# Asphalt Millings Calculator In Cubic Yards and Tons

As an asphalt millings specialist with over 25 years of expertise, determining accurate quantities of reclaimed asphalt millings for reuse in projects is an essential skill. Here I will share the standard methods for calculating tonnage volumes of milled material according to established industry protocols as well.

## Overview of Asphalt Milling Operations

When deteriorated asphalt pavement needs rehabilitation but the substrate is still structurally sound, milling the surface layer is often the most economical option. Milling entails using a large rotational drum equipped with carbide teeth to grind and remove the top layer of asphalt down to a desired depth.

## My Proven Data For Asphalt Millings Calculations

## Asphalt Milling Volume Calculator

**Measurement and Calculation**

**Calculating Volume**

Parameter | Formula | Description |
---|---|---|

Volume (ft³) | Length (ft) x Width (ft) x Depth (ft) | Calculates the volume of milled material based on the milled area dimensions. |

Volume (m³) | Length (m) x Width (m) x Depth (m) | Calculates the volume of milled material in metric units. |

*Explanation:* Accurate volume calculations are essential for estimating the quantity of milled material, ensuring proper planning, and allocating resources for transportation and disposal or recycling.

**Area Measurement**

Technique | Description |
---|---|

Ground Surveying | Utilize surveying equipment like total stations or GPS to measure the length and width of the milled area. |

Aerial Imagery | Leverage aerial imagery and photogrammetry to map and measure the milled area accurately. |

*Explanation:* Precise area measurements are crucial for calculating the volume of milled material, as any inaccuracies can lead to significant discrepancies in the overall quantity estimates.

**Depth Requirements**

Milling Depth | Typical Application |
---|---|

1.5 – 2 inches | Surface restoration, minor repairs |

2 – 4 inches | Partial depth removal, rehabilitation |

> 4 inches | Full-depth removal, reconstruction |

*Explanation:* The required milling depth is determined by the project scope, with deeper milling necessary for more extensive pavement rehabilitation or reconstruction projects. Depth verification is crucial for accurate volume calculations.

**Conversion Factors**

Conversion | Formula |
---|---|

Cubic Feet to Cubic Yards | Volume (ft³) / 27 = Volume (yd³) |

Cubic Meters to Cubic Yards | Volume (m³) x 1.308 = Volume (yd³) |

*Explanation:* Conversion factors are necessary for expressing the calculated volume in the desired units, such as cubic yards, which are commonly used in the industry for material quantity estimation and transportation.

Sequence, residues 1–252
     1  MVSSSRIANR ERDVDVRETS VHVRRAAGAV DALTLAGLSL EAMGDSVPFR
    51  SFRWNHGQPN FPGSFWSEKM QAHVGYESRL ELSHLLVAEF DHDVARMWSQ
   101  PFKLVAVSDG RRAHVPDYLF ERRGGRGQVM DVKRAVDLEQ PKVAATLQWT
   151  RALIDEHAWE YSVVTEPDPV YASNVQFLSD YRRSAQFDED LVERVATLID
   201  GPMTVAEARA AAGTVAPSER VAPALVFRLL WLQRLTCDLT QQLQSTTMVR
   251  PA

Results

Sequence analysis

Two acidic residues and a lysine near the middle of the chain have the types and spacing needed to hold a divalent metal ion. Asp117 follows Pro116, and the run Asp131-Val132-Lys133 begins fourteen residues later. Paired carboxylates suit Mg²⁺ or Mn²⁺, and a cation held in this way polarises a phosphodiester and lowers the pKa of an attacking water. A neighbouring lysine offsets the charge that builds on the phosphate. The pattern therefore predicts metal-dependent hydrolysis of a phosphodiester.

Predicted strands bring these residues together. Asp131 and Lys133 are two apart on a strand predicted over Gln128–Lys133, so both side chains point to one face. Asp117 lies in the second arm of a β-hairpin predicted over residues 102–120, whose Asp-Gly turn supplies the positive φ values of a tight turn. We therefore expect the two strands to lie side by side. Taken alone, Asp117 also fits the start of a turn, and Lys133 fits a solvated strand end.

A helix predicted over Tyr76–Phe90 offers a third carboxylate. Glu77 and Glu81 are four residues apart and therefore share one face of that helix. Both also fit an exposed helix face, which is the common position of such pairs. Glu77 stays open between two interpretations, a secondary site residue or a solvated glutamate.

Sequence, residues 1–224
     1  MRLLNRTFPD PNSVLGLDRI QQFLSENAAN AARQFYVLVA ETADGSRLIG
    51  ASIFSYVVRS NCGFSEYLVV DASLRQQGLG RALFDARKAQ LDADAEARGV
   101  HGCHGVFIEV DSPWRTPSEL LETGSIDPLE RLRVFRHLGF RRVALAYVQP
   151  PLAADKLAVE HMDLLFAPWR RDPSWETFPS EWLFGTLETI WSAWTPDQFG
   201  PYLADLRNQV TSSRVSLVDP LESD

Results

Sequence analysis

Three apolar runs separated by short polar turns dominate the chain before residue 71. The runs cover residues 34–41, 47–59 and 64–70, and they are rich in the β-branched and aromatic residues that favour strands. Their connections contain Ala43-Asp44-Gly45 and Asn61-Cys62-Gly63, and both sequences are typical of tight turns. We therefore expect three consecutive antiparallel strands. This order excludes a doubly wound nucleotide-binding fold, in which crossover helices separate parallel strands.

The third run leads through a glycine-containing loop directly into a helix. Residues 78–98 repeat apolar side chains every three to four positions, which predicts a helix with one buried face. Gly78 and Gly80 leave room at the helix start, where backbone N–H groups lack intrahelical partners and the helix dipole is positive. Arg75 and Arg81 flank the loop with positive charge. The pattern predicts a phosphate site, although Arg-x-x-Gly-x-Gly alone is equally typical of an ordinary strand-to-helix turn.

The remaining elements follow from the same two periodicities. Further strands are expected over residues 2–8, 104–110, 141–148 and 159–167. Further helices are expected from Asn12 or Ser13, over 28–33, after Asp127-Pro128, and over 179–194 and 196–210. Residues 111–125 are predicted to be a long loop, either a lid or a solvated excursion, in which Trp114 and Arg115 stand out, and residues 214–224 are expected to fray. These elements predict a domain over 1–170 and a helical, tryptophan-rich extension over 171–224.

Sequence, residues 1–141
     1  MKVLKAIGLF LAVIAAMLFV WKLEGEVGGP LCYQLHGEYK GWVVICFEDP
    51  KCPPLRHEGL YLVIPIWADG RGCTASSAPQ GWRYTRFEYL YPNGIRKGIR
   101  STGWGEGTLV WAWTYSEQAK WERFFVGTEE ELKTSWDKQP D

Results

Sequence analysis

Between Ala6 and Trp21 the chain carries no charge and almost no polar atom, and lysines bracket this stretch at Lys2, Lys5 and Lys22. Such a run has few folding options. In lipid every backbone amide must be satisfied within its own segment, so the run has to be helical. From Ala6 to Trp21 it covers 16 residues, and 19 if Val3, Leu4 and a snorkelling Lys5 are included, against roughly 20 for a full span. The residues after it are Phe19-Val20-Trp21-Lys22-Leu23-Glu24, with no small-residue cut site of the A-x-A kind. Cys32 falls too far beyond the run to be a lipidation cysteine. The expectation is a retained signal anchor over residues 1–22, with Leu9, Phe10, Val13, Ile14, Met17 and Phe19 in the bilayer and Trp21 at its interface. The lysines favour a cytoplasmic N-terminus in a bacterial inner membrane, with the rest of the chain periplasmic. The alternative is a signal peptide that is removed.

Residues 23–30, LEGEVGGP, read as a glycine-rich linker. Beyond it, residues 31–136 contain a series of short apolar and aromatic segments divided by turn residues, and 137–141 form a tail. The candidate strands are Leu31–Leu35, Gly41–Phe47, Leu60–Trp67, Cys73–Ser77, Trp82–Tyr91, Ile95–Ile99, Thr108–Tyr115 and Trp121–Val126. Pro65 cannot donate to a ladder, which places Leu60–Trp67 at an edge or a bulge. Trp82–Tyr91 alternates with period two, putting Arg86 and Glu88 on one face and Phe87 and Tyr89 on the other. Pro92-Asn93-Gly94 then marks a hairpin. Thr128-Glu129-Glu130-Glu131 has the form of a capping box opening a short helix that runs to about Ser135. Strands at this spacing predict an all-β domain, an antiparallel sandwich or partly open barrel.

**Weight Calculations**

**Unit Weight of Asphalt**

Material | Typical Unit Weight Range |
---|---|

Hot Mix Asphalt | 145 – 165 lbs/ft³ |

Aged Asphalt | 135 – 155 lbs/ft³ |

Reclaimed Asphalt Pavement (RAP) | 110 – 130 lbs/ft³ |

*Explanation:* The unit weight of the milled asphalt material is a critical factor in determining the total weight of the milled material. Laboratory testing and material characterization are necessary to accurately determine the unit weight based on the material’s composition and condition.

**Formula Total Weight Needed (Milled Material in Tons)**

Formula | Description |
---|---|

Weight (tons) = Volume (ft³) x Unit Weight (lbs/ft³) / 2,000 lbs/ton | Calculates the total weight of the milled material in tons based on the volume and unit weight. |

Weight (metric tons) = Volume (m³) x Unit Weight (kg/m³) / 1,000 kg/metric ton | Calculate the total weight of the milled material in metric tons. |

*Explanation:* Accurate weight calculations are essential for determining the required transportation capacity, disposal or recycling facility requirements, and overall project planning and resource allocation.

**Formula For Asphalt Millings Weight-to-Volume Ratio**

Material | Typical Weight-to-Volume Ratio |
---|---|

Hot Mix Asphalt | 0.145 – 0.165 tons/yd³ |

Aged Asphalt | 0.135 – 0.155 tons/yd³ |

Reclaimed Asphalt Pavement (RAP) | 0.110 – 0.130 tons/yd³ |

*Explanation:* The weight-to-volume ratio, expressed in tons per cubic yard, provides a quick reference for estimating weight based on the known volume of milled material. This ratio can vary depending on the material’s composition and condition.

**Estimating Cost for Asphalt Millings**

**Asphalt Millings Cost Per Ton**

Cost Component | Typical Range |
---|---|

Milling Cost | $2 – $6 per ton |

Transportation Cost | $0.10 – $0.30 per ton-mile |

Disposal/Recycling Cost | $10 – $50 per ton |

*Explanation:* Estimating the cost per ton for milling, transportation, and disposal or recycling is crucial for accurate project budgeting and cost management. These costs can vary based on factors such as project location, material handling requirements, and market conditions.